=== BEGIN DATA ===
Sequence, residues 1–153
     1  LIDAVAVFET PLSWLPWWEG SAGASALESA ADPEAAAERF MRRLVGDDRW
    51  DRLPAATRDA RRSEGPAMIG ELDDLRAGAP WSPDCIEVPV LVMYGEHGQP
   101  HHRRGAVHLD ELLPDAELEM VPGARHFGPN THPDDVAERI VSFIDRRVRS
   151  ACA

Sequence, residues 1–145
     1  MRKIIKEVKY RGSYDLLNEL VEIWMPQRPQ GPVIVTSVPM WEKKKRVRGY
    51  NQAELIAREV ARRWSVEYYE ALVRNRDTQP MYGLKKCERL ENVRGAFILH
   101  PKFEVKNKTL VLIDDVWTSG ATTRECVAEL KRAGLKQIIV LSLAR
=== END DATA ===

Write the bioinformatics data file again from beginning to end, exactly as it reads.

Sequence, residues 1–153
     1  LIDAVAVFET PLSWLPWWEG SAGASALESA ADPEAAAERF MRRLVGDDRW
    51  DRLPAATRDA RRSEGPAMIG ELDDLRAGAP WSPDCIEVPV LVMYGEHGQP
   101  HHRRGAVHLD ELLPDAELEM VPGARHFGPN THPDDVAERI VSFIDRRVRS
   151  ACA

Sequence, residues 1–145
     1  MRKIIKEVKY RGSYDLLNEL VEIWMPQRPQ GPVIVTSVPM WEKKKRVRGY
    51  NQAELIAREV ARRWSVEYYE ALVRNRDTQP MYGLKKCERL ENVRGAFILH
   101  PKFEVKNKTL VLIDDVWTSG ATTRECVAEL KRAGLKQIIV LSLAR